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Discussion Starter #1
I've got a 99 tj with the 30/35 axles. Just lost teeth on the rear pinion, I'm guessing that a previous owner ran it hard or installed incorrectly. I've had the Jeep for 7 months and daily drive it, took off from a stop light (not a hard launch) and the teeth came off, thought the rear end was going to explode.


Anyway, the axles are geared to 4.56. I'm looking to replace the ring and pinion. If money was less tight, I'd throw a 44 under it, but that's not an option at the moment.


Found the spicer ring and pinion on Morris 4x4 here:
https://www.morris4x4center.com/spicer-rear-dana-35-ring-pinion-set-4-56-ratio-spc-707244-5x.html


plus the carrier side bearing set for $31.



Seems like spicer would be the choice, but why is the yukon gear set so much more?
https://www.extremeterrain.com/yukon-gear-dana-35-456-8706.html


Is yukon gear better quality, or am I missing something?


Thanks for any input.


Brian
 

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revolution is king, but i have to ask, are you planning on installing them yourself and have you installed gears before?
 

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X2. If you are having a shop do this, let them supply the parts and the warranty afterwards.



What size tires are you running? What is your budget? If you offroad and want a locker in the future now might be a good time to turn your 35 into a super35 with revolution gear and axle's super 35 kit which includes either a detroit or an ARB locker, chromoly shafts, and master install kit. All youd need in addition is a new R&P
 

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Discussion Starter #5
I'm having a local shop do the work, because I'm not interested in sitting on the side of the road with a busted diff while I think back over my installation.


Anyway, the shop quote was $500 for parts and I was confused about what he was ordering. I just called and his quote includes all new axle bearing because he's worried about metal from the pinion teeth getting into the other bearings. His price includes all bearings for the axle plus the ring and pinion install, because he doesn't want me sitting on the side of the road thinking about how we probably should have gone ahead and replaced those bearings while the axle was apart. He had quotes for Spicer gears and Timken bearings so I told him to go ahead with it.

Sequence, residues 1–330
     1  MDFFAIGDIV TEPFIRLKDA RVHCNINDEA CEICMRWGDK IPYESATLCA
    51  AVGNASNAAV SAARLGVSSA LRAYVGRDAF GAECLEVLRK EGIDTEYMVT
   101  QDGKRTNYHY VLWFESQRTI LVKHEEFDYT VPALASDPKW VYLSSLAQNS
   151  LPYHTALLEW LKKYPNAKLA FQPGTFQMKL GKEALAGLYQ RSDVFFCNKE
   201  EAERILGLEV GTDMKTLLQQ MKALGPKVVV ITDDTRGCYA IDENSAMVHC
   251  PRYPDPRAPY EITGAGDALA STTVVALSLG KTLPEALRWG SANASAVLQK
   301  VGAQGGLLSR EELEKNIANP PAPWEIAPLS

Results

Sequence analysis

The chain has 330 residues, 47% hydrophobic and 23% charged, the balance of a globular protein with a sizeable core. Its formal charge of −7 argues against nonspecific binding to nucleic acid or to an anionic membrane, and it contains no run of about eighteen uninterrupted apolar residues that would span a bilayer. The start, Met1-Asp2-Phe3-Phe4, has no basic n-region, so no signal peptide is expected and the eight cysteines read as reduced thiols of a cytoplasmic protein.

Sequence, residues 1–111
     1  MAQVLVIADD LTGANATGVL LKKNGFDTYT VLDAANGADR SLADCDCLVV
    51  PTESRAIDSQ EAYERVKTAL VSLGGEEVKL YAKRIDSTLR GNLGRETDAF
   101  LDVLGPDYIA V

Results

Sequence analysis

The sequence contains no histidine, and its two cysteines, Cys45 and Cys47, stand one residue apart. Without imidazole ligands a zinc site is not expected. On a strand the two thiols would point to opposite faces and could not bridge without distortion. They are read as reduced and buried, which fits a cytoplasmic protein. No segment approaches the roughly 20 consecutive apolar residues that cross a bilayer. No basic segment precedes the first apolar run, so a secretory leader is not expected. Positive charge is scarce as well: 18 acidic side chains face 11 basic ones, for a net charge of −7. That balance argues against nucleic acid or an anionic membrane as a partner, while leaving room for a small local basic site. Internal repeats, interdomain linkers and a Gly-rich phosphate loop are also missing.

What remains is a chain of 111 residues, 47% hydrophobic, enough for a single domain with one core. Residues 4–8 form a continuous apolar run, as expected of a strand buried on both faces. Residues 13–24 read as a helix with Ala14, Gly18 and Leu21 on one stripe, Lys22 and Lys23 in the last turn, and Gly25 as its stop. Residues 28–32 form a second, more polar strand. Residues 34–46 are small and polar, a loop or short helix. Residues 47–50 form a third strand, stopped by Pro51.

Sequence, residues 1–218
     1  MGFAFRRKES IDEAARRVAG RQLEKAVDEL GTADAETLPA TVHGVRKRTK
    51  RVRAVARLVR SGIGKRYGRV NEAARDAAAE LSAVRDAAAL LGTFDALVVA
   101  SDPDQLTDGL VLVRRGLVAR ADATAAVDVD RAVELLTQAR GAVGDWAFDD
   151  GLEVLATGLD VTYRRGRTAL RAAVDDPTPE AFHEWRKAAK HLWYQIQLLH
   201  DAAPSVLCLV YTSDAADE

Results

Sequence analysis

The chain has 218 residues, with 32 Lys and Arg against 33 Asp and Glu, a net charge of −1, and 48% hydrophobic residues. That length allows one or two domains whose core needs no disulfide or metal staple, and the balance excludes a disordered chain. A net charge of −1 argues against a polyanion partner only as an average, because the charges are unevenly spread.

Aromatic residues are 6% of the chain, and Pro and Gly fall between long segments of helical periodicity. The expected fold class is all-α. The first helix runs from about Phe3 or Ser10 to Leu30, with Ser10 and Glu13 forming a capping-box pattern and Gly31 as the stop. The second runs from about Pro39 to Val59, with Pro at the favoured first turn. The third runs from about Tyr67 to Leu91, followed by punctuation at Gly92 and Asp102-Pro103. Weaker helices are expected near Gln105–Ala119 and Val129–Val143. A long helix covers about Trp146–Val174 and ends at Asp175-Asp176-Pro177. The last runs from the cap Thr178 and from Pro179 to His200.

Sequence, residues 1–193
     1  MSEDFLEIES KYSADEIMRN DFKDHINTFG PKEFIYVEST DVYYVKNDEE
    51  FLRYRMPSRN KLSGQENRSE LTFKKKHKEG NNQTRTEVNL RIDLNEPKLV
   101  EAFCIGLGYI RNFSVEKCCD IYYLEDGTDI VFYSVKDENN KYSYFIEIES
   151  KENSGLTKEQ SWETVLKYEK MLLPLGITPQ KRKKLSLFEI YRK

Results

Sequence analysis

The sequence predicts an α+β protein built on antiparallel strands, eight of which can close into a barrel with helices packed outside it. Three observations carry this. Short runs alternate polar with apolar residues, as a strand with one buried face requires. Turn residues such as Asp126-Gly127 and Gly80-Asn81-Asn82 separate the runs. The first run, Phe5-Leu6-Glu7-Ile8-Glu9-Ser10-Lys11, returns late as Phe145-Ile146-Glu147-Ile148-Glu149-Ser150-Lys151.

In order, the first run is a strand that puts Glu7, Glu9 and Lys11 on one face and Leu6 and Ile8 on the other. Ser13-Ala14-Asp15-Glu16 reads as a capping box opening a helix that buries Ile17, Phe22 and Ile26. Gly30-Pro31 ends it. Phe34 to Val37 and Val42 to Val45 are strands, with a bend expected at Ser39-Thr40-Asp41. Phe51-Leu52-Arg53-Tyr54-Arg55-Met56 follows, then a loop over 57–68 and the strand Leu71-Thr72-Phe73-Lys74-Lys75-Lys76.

Thanks for the input!
 

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Now you need to worry about the front axle.

It appears who ever did the rear axle most likely did the front axle when the gear change was made.

I would recommend you have the shop open the front axle and at least do a visual.

But I would also recommend they check the back lash and the wear pattern on the gears.
 

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Discussion Starter #7
Now you need to worry about the front axle.

It appears who ever did the rear axle most likely did the front axle when the gear change was made.

I would recommend you have the shop open the front axle and at least do a visual.

But I would also recommend they check the back lash and the wear pattern on the gears.



That's been on my mind. They're going on vacation next week, but I'll have it checked out when they do the axle. Thanks!
 

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X2 to the recommendations for Revolution Gear's R&P gears. All their gears are made by Circle K in S. Korea which has a superb reputation for the best quality aftermarket gears. I'm happily running their 5.38 gears. They even have a line of gears that are specially treated so they don't need a break-in. I STRONGLY suggest you insure the installing shop ONLY ONLY ONLY (!!!) uses a conventional gear lube to refill the differential after they're through. I don't care if they push synthetic, you don't want to use a synthetic for new gears, especially during the break-in process. It was found that gears run significantly hotter when lubed with a synthetic gear lube which is especially a bad thing during the break-in process. Revolution Gear specifically says to use a conventional, not a synthetic, gear lube.
 
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